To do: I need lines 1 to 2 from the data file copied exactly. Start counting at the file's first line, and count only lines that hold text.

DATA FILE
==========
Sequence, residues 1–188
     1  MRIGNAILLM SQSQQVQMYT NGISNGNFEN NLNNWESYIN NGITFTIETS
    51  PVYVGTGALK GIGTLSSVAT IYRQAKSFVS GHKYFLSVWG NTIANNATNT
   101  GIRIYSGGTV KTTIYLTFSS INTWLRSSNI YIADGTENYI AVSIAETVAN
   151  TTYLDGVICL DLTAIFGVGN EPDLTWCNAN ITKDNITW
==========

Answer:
Sequence, residues 1–188
     1  MRIGNAILLM SQSQQVQMYT NGISNGNFEN NLNNWESYIN NGITFTIETS